* I really see nothing wrong with Gov. Pat Quinn taking some time to decide what to do about the repeal of the death penalty. Others? Not so much, according to James Warren…
“Is this theater?” said Jeremy Schroeder, executive director of the Illinois Coalition to Abolish the Death Penalty, when I asked about Mr. Quinn’s supposedly probing the innermost recesses of his soul.
“For goodness gracious, he claimed he was a reformer!” declared State Senator Dan Duffy of Lake Barrington, a Roman Catholic South Sider and die-hard Republican conservative who voted for abolition. “Quinn’s always trying to make everybody happy.”
The notion that there’s a bit of a sham under way has crossed minds. Might the governor’s helter-skelter ways include a search for cover before he disappoints death penalty supporters?
“You’d think it would be something he would have signed immediately,” said Senate President John J. Cullerton, a Chicago Democrat. “It would be dumb politically and dumb morally if he didn’t.”
Let’s go through these point by point.
Politics has always been at least partially about “theater.” You can’t just go off and break yet another campaign promise without laying some groundwork. You could call it political cover, you could also call it setting the stage. And if this is what Quinn is doing, then it’s fine by me. It’s smart politics and good governance.
Sen. Duffy complains that Quinn is always trying to make everybody happy. Duffy is not happy. Therefore, the point is moot, albeit mostly correct. This is a huge decision, however, and he ought to take his time.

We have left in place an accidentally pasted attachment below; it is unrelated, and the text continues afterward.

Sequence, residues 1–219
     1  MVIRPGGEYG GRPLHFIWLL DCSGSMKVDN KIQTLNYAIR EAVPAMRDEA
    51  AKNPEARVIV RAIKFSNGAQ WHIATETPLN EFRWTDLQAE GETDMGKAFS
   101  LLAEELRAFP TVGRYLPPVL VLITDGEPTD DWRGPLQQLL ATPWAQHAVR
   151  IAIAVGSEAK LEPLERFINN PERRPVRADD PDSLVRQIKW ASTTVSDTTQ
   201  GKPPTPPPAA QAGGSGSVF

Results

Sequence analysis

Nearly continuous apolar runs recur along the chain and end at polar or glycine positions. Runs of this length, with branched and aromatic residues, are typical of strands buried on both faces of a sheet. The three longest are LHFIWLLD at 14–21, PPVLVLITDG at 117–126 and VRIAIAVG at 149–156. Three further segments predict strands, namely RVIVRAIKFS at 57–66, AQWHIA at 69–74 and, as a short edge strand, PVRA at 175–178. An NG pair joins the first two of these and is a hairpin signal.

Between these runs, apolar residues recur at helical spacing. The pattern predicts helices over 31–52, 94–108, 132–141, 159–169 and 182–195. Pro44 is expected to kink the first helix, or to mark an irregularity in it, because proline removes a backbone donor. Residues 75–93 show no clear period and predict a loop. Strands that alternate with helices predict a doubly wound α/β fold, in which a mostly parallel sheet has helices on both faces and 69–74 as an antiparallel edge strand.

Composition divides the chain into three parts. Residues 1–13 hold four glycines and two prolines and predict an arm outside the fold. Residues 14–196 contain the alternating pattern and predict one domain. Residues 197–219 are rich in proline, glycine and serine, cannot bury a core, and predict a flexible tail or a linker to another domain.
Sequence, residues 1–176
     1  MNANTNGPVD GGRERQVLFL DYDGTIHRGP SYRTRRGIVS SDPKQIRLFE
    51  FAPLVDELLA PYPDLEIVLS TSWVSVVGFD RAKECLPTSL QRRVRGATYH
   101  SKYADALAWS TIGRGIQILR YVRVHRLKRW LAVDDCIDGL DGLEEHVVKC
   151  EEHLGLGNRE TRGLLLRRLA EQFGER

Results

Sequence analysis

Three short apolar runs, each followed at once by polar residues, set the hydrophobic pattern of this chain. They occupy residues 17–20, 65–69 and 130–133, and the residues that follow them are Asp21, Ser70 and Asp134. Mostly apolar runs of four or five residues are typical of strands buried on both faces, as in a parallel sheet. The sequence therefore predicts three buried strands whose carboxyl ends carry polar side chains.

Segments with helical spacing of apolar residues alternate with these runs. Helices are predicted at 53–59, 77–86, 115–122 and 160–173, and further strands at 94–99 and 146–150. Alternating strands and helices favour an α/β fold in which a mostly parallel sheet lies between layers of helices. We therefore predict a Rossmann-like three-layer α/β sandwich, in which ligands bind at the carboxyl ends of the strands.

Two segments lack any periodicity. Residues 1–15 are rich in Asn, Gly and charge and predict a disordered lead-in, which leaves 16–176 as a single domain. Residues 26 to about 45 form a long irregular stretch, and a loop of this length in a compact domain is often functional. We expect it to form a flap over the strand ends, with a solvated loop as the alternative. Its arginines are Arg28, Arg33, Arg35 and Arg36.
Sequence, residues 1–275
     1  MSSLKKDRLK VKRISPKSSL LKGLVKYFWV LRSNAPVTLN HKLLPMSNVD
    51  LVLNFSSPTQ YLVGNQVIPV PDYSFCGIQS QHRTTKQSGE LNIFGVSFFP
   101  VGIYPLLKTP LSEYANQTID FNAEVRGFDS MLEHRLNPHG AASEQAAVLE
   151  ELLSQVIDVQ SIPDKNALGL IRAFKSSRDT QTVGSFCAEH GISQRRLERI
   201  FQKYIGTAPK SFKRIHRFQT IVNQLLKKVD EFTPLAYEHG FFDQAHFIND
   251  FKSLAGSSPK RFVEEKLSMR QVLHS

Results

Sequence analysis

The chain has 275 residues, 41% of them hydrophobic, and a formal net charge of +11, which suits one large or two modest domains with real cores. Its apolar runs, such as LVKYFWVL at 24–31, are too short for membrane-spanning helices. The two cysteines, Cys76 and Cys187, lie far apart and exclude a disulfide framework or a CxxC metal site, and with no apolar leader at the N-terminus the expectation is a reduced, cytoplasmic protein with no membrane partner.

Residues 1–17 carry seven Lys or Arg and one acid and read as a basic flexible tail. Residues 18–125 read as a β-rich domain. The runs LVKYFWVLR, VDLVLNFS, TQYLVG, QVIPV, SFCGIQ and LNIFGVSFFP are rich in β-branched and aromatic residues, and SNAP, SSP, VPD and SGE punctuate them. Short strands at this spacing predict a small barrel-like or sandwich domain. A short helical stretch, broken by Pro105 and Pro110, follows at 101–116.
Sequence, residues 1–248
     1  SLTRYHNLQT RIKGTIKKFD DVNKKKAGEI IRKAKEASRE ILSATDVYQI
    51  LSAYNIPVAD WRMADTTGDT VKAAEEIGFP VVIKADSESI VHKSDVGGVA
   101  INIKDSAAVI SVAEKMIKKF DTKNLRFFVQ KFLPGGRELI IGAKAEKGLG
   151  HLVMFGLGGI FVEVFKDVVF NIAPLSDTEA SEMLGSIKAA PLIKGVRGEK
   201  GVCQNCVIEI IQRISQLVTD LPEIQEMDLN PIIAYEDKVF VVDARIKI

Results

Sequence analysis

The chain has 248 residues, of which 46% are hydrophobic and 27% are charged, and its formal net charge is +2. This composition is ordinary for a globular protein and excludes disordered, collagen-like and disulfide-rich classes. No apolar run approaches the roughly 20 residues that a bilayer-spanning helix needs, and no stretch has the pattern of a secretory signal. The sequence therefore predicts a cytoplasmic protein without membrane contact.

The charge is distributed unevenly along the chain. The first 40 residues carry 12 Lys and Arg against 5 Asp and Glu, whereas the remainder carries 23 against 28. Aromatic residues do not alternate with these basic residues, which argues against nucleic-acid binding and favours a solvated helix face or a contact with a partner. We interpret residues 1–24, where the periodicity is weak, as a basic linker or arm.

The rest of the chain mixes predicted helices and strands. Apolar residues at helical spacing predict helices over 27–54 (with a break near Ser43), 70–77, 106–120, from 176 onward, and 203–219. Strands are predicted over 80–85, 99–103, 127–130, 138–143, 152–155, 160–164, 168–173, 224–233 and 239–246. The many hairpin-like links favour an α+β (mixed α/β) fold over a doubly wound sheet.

The governor has long supported the death penalty. So, signing this bill immediately would’ve been hypocritical in the extreme. I’m willing to give him some space to get his head together on this thing. Cullerton should as well.
* But while Quinn mulls this over, he should carefully read a tremendous column penned by Jeff Engelhardt, a Public Affairs Reporting intern in the Daily Herald’s Springfield bureau. Jeff and my brother Devin are friends, and Devin has nothing but high praise for this young man, who has struggled with an unspeakable personal tragedy…
On April 17, 2009, three members of my family were murdered.
My father, grandmother and 18-year-old sister were all stabbed to death in their own home. My mother was in critical condition and my older sister was left with her baby girl and the horrifying sights of what happened to her family.
I was feeling helpless, six hours away at Southern Illinois University.
It didn’t take long for the assistant state’s attorney to tell me they wanted to pursue the death penalty for the man accused of committing the terrible crime.
As the citizens of Illinois await the governor’s decision on the death penalty, it has given me another opportunity to contemplate what I would want done in my situation.
I live with what happened every day and have mulled over what I would like to see become of the man I believe took my family away. My vision was blurred for a while, but the decision became very clear after I remembered where I came from.
I am no governor, but I am my father’s son. And as my father’s son, that means I choose the path of forgiveness.
This is not a call to repeal the death penalty. Rather this is a declaration of dedication to a path of peace.
I hope Jeff eventually finds personal peace. That couldn’t have been easy to write. Go read the whole thing.